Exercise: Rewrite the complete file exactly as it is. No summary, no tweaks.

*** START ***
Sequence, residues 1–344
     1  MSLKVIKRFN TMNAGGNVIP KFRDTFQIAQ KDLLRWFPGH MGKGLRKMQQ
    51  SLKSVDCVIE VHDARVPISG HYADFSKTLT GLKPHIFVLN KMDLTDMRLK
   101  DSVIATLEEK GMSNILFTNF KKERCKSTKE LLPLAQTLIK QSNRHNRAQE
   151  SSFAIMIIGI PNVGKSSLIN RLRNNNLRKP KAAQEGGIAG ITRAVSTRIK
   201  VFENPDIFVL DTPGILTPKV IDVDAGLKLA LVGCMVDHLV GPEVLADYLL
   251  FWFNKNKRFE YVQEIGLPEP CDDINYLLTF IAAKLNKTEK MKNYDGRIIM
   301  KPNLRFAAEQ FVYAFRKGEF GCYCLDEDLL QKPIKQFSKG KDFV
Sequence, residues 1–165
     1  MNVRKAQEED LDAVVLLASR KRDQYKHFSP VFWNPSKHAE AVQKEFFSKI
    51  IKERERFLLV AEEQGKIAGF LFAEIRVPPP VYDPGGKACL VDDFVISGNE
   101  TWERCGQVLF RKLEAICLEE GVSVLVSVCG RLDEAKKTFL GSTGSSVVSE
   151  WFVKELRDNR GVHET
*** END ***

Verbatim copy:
Sequence, residues 1–344
     1  MSLKVIKRFN TMNAGGNVIP KFRDTFQIAQ KDLLRWFPGH MGKGLRKMQQ
    51  SLKSVDCVIE VHDARVPISG HYADFSKTLT GLKPHIFVLN KMDLTDMRLK
   101  DSVIATLEEK GMSNILFTNF KKERCKSTKE LLPLAQTLIK QSNRHNRAQE
   151  SSFAIMIIGI PNVGKSSLIN RLRNNNLRKP KAAQEGGIAG ITRAVSTRIK
   201  VFENPDIFVL DTPGILTPKV IDVDAGLKLA LVGCMVDHLV GPEVLADYLL
   251  FWFNKNKRFE YVQEIGLPEP CDDINYLLTF IAAKLNKTEK MKNYDGRIIM
   301  KPNLRFAAEQ FVYAFRKGEF GCYCLDEDLL QKPIKQFSKG KDFV
Sequence, residues 1–165
     1  MNVRKAQEED LDAVVLLASR KRDQYKHFSP VFWNPSKHAE AVQKEFFSKI
    51  IKERERFLLV AEEQGKIAGF LFAEIRVPPP VYDPGGKACL VDDFVISGNE
   101  TWERCGQVLF RKLEAICLEE GVSVLVSVCG RLDEAKKTFL GSTGSSVVSE
   151  WFVKELRDNR GVHET